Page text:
P.S.- I'm VERY jealous of the person finding one unfired in the box! I'd love to know what the price on that was. It's a great little gun!
Added 05 February 2003:
Added 29 April 2003:
I work at a gun shop and one of these MTN ARMS Wildcat breakdowns came
I'm keeping it.
Serial F0016xx, appears to have a wood stock, not walnut. Came in a
styrofoam box, with the serial penned on the end.
Anyways, I could only find a cached copy of the site (no pictures) on
google... Is this site still up under a different URL?
Thanks Mike, glad you liked the article. The server our pages are stored on went down recently but this has been fixed. Hope you enjoy the photos. Thanks!
Authors Church & Dunn
Added 30 April 2003:
I was so interested in reading about those who have obtained a Wildcat 22! I worked for Rau Arms Corp. in El Dorado, Ks. in 1970 and 1971. Harold Rau lived in Florida and had retired. He invested his retirement funds into this business. I don't know why he decided on El Dorado, Ks., but am glad he did. He was a fine person, and he treated his employees with much respect.
The little Wildcat rifle was designed to be a target-practice rifle for women and children. Its lightweight design was excellent for these groups. There was the standard model which had a mahogany stock and a deluxe model which had a walnut stock and chrome plated wrap around steel. They weighed approx. 6 pounds and shot all 22 shells. The rifles were manufactured in El Dorado , but the actions and retainers were built in Oklahoma City.
I built a deluxe model for my dad before the business folded. I believe that the low cost of the rifle to retailers compared to the cost of production was the reason for the short-lived duration of the company. Just before the business closed, Mr. Rau had patented and was planning to go into production on a 22 revolver. Wish that could have happened for him! I'm looking for at least one more Wildcat for a friend. It's difficult to find any pricing info on them however. Thanks for your website and your time in reading my story!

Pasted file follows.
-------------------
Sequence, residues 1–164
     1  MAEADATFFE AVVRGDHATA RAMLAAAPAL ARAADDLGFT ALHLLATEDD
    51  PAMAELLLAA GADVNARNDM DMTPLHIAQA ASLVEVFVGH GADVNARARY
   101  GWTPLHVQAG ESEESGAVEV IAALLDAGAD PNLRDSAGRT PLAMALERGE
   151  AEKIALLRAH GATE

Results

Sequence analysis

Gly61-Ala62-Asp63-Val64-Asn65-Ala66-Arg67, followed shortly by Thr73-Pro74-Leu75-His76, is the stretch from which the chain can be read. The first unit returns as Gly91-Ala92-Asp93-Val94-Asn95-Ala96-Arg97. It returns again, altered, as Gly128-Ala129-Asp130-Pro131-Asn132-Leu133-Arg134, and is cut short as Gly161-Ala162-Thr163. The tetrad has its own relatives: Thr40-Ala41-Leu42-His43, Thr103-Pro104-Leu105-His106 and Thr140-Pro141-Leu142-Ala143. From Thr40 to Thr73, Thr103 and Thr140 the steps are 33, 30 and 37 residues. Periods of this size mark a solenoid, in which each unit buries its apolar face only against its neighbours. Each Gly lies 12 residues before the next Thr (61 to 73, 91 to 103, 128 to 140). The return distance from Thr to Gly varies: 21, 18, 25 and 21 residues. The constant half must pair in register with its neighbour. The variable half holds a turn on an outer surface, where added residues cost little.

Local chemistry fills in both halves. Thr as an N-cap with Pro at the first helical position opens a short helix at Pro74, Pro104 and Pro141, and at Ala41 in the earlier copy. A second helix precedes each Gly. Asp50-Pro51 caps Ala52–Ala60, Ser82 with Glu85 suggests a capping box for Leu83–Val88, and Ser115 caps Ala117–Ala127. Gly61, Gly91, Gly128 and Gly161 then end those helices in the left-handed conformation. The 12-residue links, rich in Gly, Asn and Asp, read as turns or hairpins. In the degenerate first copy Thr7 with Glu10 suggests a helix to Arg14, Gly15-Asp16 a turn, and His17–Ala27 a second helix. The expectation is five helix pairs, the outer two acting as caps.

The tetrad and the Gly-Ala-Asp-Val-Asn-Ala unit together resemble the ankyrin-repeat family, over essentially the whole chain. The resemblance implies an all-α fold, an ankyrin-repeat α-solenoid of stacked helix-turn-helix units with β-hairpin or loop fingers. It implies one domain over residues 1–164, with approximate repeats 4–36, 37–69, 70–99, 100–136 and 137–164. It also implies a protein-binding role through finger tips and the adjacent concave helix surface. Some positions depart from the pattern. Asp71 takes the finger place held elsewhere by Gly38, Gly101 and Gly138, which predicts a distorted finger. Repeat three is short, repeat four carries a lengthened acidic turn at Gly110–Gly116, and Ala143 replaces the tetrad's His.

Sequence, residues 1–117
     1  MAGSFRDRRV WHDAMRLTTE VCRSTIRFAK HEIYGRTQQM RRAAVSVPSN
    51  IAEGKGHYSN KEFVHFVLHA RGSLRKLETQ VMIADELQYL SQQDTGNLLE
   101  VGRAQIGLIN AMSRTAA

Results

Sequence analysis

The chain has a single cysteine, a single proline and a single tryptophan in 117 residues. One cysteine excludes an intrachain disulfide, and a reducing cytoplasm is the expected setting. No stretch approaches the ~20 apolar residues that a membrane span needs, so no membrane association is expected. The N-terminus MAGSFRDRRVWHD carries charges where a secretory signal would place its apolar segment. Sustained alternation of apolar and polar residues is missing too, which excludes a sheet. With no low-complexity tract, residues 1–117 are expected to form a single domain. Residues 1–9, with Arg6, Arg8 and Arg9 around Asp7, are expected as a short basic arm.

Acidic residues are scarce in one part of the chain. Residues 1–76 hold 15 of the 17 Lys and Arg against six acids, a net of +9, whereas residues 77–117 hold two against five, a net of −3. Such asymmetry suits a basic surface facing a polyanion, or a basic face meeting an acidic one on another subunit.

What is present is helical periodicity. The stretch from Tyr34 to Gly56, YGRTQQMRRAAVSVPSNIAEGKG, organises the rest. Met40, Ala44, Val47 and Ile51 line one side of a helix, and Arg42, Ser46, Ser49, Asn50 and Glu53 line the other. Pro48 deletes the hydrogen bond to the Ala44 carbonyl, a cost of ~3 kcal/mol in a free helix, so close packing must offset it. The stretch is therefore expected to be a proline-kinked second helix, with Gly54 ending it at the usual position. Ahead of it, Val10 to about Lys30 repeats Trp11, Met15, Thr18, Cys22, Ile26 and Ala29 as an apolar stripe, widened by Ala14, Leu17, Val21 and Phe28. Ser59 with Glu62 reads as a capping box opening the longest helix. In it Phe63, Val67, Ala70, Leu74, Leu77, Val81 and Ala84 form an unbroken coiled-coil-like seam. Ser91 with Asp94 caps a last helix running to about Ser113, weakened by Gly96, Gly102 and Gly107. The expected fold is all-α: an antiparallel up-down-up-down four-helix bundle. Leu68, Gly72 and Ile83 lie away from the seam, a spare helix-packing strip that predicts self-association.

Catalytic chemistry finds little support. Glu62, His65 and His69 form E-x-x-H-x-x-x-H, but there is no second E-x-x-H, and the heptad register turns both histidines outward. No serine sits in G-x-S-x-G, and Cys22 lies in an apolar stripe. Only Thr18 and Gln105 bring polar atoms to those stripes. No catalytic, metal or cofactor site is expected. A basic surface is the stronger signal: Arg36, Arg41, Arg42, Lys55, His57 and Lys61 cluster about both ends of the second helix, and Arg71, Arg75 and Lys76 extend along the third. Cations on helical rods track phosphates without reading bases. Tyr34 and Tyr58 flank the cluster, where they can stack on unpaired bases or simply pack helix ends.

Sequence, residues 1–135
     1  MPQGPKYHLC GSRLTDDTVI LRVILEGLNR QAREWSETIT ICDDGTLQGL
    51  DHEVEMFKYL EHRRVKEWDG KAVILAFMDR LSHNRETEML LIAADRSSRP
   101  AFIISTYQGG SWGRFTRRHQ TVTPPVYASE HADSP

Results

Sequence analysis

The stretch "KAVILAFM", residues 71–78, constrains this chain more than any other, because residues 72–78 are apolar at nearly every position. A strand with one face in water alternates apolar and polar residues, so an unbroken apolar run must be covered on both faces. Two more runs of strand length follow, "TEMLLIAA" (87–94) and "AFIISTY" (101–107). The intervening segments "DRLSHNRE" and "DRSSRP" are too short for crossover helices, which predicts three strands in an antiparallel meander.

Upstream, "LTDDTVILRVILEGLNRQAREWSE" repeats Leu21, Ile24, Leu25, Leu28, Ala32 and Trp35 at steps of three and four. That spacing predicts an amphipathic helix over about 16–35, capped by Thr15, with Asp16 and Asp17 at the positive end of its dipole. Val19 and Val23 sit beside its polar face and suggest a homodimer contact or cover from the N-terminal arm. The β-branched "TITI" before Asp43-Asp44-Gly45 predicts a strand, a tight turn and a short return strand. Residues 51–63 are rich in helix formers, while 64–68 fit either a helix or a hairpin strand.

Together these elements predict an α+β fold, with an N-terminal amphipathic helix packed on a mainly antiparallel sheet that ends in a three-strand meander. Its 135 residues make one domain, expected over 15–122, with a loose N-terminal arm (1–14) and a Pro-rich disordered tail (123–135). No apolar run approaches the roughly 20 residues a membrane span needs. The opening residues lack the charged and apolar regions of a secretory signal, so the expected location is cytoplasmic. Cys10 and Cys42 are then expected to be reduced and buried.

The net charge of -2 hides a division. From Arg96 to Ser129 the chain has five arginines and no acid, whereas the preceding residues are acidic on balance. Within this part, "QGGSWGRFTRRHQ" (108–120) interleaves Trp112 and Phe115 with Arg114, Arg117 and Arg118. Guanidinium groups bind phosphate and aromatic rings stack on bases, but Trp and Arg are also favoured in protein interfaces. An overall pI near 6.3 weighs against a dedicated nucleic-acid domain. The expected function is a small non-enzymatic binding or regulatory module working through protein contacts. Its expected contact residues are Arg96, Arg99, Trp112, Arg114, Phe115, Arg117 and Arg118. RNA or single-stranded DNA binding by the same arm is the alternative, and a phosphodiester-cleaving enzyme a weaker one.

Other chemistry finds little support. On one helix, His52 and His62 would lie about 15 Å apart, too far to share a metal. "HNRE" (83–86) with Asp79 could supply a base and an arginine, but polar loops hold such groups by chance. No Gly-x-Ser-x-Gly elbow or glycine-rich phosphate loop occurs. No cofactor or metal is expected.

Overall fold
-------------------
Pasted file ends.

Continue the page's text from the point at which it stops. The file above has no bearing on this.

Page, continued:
Sherry Lucas (name & email address provided with permission)
Added 09 July 2003:
Just wanted to say that I too have a Wildcat 22 stamped with El Dorado Kans. Mine has the numbers A2799 stamped on the other side which I believe is the serial number. This gun was given to me in the past year by an elderly friend. If you have any new information on this gun or other web sites I can go to please let me know. Thank you
(name & email withheld by request)
Added 08 August 2003:
They further report that the company closed very quickly and that people in El Dorado were able to assemble guns from leftover parts for some time. The Rau Wildcat in our possession here in Southern California has no fore-end, bare metal stock and has no takedown feature (apparently one of the changes made by Precision Industries). Our serial number is A35XX.
The ATF Tracing Center actually found your site and referred me to it. They got intrigued as well. Hope this helps out. I would be interested in any further information. I've been hooked by the "got to know bug".
Added 5 SEP 2003:
I have no idea what they are worth. Lone's cost $125 NIB in FEB02. That may have been low, high, or steady on. Lack of comparable sales makes it hard to establish value.
Normally it's tacky to ask, and my beloved Great Aunt Hazel (1901-1992) would disapprove, but I'll ask readers:
What did you pay for yours, when, what condition, and what model?